What do I want? What do I need? Why do I want it? What’s in it for me? Thus did the Beastie Boys provide us with a rhythmic, rhyming conceptual framework for investigating those goals which remain unmet despite our professed intentions.
Jacobs talks earlier in the book about the different reasons why people read. Some people are after an experience of raptness, of being immersed in a book to the point of forgetting to eat dinner or go to bed on time. But some are not so much interested in reading books as in having read them — books are merely instrumental, a means by which to have improved one’s character, raised one’s I.Q., or boosted one’s status. (Both tendencies can coexist in the same individual at different times, of course; I speak from experience.)
We understand this in other contexts. Some people genuinely enjoy exercise, and being fit is just a nice bonus for something they would do anyway. Some people would like to have exercised, and would like for other people to see them as fit, but aren’t so keen on actually doing it. They like the idea of being healthy and slender, but they also like the experience of relaxing and indulging. The irresistible force of their vanity meets the immovable object of their laziness.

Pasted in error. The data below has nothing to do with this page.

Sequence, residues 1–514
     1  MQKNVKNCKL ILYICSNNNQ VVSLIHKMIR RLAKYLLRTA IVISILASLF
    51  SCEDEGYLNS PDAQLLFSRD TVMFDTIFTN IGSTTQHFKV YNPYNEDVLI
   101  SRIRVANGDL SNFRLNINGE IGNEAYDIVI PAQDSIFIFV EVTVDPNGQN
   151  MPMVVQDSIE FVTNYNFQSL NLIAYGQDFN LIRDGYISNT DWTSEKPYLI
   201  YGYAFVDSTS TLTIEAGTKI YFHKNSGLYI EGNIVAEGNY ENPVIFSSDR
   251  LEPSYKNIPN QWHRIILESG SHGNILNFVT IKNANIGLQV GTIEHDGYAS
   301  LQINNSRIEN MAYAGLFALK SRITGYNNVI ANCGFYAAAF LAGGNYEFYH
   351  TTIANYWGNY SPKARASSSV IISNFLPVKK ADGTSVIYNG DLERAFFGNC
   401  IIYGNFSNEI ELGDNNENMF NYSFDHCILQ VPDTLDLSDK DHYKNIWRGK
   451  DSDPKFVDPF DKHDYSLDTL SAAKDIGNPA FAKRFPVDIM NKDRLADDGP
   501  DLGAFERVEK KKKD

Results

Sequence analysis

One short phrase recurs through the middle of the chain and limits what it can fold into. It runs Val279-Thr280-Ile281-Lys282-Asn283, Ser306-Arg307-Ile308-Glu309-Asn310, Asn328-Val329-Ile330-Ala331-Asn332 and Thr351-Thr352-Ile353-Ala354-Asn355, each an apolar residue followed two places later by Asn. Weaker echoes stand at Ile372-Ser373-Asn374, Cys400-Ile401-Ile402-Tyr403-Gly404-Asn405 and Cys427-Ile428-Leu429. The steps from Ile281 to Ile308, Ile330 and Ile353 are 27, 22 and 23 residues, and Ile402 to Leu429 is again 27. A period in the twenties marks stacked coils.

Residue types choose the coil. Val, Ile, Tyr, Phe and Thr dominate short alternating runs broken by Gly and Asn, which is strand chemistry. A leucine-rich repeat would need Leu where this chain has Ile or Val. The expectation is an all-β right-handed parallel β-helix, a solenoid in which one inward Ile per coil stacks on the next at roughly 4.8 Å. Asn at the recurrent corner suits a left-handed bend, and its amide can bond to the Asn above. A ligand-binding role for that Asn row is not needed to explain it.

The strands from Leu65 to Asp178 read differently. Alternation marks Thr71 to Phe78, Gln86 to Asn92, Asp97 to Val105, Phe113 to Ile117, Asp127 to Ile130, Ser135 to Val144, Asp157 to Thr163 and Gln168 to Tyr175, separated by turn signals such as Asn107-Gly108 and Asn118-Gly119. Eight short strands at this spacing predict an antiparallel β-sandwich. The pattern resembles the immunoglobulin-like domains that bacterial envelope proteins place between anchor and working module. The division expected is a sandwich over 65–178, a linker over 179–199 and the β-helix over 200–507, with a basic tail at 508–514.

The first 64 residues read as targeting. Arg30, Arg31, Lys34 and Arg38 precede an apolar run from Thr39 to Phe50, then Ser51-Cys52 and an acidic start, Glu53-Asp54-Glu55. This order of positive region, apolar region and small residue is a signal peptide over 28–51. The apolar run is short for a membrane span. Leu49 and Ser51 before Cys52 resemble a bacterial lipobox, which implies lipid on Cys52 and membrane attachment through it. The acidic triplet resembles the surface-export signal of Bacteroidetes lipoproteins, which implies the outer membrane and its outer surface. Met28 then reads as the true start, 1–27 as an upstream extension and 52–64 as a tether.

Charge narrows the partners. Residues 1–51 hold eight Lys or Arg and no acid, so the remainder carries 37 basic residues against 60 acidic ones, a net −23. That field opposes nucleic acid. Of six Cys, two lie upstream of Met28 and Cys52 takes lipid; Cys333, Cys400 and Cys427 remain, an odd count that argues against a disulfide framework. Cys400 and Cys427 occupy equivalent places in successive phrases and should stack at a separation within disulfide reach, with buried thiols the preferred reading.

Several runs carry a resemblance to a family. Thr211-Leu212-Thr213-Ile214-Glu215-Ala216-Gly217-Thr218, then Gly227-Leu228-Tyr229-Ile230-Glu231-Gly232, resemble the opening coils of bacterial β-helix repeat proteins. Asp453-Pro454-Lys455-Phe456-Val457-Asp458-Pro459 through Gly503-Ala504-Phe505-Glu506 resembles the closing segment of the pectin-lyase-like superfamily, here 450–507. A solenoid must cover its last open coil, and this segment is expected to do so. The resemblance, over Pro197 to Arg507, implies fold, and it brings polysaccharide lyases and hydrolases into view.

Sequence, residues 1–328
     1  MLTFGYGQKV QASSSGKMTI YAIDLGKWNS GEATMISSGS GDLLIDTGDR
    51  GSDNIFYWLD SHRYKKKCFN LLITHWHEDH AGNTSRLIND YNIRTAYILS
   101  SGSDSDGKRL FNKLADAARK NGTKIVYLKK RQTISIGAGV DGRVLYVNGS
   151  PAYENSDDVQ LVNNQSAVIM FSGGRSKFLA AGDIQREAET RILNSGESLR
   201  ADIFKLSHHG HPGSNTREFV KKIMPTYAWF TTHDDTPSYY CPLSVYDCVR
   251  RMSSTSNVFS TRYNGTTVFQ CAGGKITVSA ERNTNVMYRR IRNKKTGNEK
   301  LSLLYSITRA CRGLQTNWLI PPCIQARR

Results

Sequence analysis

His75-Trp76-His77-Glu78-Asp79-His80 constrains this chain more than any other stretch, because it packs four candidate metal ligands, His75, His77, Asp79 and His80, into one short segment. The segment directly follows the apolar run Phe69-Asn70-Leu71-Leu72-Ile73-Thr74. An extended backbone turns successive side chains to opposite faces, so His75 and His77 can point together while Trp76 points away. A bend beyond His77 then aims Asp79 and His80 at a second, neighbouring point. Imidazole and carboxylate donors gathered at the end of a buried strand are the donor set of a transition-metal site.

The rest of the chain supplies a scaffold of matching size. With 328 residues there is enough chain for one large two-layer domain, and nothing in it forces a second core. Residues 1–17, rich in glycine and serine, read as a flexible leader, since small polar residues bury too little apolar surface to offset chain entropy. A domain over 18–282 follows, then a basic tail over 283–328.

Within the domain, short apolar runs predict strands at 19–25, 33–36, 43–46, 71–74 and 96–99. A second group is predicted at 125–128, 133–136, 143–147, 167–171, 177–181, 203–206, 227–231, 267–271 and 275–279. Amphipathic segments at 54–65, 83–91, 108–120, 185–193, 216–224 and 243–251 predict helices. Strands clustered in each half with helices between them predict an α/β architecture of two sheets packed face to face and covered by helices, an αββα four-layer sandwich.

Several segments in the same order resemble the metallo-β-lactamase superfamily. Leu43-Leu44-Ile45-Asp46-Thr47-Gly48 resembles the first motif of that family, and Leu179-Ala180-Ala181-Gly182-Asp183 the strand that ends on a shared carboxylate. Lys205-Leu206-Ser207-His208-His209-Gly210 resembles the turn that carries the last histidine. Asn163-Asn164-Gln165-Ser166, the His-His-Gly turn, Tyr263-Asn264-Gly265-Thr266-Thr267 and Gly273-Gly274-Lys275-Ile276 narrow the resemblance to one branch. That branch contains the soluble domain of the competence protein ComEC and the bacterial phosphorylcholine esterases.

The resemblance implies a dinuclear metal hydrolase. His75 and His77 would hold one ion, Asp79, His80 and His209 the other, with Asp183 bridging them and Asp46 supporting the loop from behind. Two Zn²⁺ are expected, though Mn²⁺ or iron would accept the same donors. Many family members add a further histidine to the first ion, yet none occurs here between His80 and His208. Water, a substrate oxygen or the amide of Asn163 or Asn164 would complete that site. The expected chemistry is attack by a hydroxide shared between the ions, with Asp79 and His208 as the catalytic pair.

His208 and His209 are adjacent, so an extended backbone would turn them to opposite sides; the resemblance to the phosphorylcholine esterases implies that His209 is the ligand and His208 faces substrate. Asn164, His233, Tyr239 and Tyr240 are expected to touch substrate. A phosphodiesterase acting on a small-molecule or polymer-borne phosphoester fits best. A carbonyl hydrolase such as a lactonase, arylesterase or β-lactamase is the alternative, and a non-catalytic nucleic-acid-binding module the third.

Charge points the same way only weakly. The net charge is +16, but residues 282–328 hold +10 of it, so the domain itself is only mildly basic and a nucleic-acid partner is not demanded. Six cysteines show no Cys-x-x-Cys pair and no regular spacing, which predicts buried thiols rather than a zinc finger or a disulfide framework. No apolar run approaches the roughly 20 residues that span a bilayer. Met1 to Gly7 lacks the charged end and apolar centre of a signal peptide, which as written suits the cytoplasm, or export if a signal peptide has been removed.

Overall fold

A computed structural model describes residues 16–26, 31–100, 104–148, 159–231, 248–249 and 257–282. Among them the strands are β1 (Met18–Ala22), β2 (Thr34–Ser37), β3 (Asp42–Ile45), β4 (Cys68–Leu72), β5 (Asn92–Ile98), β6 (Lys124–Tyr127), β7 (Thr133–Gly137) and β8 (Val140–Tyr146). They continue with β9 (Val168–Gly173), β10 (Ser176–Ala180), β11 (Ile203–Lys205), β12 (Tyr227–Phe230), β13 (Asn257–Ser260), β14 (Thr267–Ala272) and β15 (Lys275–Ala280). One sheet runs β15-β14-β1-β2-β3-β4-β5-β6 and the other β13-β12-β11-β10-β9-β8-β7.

Being conflicted like that is, I would suggest, much more of a “natural” human state than being highly motivated and disciplined. We vacillate between different impulses all the time. We desire mutually exclusive things and avoid making a hard choice between them. We fear that what we really want isn’t what we should want. Our tastes and appetites change over time. And we inevitably frame our choices in the most flattering way possible. No, really, I would have exercised if not for… Honestly, I love reading books, but these gadgets, see, they’re rewired my brain…